"Bravo!" exclaimed Turpin. "Now this is what I like; who would have thought the old autem-bawler had so much pluck in him? Sir, I commend you for your courage, but you are mistaken. I am the quietest man breathing, and never harm a human being; in proof of which, only look at your rascal of a postilion, whom any one of my friends would have sent post-haste to the devil for half the trouble he gave me. Easy as I am, I never choose to be balked in my humors. I must have the fifty and the buss, and then I'm off, as soon as you like; and I may as well have the kiss while the old lady signs the check, and then we shall have the seal as well as the signature. Poh—poh—no nonsense! Many a pretty lass has thought it an honor to be kissed by Turpin."

Eleanor recoiled with deepest disgust, as she saw the highwayman thrust aside the useless opposition of the priest, and approach her. He had removed his mask; his face, flushed with insolent triumph, was turned towards her. Despite the loathing, which curdled the blood within her veins, she could not avert her eyes. He drew near her; she uttered a shrill scream. At that moment a powerful grasp was laid upon Turpin's shoulder; he turned and beheld Luke.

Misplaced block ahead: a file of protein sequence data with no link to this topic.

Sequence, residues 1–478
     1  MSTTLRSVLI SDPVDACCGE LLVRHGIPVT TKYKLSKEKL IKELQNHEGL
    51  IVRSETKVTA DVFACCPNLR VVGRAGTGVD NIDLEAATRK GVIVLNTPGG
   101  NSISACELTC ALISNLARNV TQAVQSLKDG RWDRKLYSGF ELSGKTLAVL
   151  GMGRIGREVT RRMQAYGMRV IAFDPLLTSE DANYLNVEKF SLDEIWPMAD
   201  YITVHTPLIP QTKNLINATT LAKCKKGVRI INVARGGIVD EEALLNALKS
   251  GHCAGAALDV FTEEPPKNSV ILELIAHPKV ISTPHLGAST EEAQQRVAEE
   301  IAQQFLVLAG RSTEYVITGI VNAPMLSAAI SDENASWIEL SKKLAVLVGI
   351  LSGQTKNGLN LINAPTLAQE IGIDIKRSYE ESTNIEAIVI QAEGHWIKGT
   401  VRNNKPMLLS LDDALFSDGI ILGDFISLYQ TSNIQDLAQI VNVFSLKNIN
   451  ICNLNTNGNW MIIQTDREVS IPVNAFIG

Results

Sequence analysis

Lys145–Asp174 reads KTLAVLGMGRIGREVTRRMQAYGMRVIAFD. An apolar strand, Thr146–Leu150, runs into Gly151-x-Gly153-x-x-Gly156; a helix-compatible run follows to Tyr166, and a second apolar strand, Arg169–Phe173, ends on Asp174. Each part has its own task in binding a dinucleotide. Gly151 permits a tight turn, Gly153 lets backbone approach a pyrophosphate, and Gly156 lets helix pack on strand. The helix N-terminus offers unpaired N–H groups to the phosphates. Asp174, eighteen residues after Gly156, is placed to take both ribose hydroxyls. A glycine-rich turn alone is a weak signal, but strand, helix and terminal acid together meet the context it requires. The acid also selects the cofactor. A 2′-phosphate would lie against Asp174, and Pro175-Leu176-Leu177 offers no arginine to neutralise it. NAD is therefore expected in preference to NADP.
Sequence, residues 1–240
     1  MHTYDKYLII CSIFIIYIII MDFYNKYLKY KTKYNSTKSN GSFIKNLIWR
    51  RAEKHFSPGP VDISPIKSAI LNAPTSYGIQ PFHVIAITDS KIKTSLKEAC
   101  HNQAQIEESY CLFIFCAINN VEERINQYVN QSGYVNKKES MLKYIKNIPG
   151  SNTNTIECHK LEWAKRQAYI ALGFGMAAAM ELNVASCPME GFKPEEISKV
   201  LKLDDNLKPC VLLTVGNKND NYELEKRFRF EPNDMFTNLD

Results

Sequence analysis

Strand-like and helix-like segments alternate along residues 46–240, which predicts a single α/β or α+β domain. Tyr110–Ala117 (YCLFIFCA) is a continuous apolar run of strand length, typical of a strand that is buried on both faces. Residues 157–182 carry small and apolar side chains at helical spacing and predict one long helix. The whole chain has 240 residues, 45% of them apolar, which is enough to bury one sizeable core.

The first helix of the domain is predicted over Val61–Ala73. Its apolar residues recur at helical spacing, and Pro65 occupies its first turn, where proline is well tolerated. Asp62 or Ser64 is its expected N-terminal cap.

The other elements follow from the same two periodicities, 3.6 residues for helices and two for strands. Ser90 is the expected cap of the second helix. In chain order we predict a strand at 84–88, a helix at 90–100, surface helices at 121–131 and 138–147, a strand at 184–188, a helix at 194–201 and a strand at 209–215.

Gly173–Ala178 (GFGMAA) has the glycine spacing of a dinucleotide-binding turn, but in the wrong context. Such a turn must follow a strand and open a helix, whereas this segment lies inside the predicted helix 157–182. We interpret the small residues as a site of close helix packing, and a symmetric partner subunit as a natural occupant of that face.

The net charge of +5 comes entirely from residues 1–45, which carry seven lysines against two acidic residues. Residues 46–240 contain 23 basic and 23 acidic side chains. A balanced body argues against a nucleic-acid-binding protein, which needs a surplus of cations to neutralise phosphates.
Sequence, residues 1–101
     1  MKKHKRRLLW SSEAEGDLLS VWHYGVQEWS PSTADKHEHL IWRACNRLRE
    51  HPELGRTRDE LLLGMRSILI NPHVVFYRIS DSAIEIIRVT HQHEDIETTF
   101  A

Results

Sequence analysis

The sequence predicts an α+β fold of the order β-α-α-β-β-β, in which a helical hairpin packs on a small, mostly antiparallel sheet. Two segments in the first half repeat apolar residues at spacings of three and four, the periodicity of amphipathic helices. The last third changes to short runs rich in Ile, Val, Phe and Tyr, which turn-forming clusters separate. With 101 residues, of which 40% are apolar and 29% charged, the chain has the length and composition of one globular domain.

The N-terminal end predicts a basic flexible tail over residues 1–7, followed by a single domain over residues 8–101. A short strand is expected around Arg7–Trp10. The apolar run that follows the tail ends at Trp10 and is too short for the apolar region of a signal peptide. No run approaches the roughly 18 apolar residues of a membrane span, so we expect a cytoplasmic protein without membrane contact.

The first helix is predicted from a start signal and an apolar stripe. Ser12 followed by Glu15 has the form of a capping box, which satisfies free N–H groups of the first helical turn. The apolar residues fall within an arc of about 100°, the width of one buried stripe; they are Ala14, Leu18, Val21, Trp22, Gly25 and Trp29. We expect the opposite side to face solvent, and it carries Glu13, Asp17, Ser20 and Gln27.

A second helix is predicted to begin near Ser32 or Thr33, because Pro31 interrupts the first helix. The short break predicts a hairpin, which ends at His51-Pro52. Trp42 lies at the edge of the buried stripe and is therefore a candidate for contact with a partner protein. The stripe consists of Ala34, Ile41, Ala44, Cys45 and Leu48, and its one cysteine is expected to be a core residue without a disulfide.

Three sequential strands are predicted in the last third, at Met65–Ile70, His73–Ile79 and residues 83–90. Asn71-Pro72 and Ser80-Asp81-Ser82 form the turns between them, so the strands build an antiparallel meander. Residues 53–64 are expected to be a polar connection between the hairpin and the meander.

"Save me! save me," cried Eleanor, addressing the new comer.

"Damnation!" said the highwayman, "what has brought you here? one would think you were turned assistant to all distressed damsels. Quit your hold, or, by the God above us, you will repent it."

"Fool!" exclaimed Luke, "talk thus to one who heeds you." And as he spoke he hurled Turpin backwards with so much force that, staggering a few yards, the highwayman fell to the ground.

The priest stood like one stunned with surprise at Luke's sudden appearance and subsequent daring action.

Luke, meanwhile, approached Eleanor. He gazed upon her with curiosity mixed with admiration, for his heart told him she was very fair. A deathlike paleness had spread over her cheeks; yet still, despite the want of color, she looked exquisitely beautiful, and her large blue eyes eloquently thanked her deliverer for her rescue. The words she wanted were supplied by Mrs. Mowbray, who thanked him in appropriate terms, when they were interrupted by Turpin, who had by this time picked himself up, and was drawing near them. His countenance wore a fierce expression.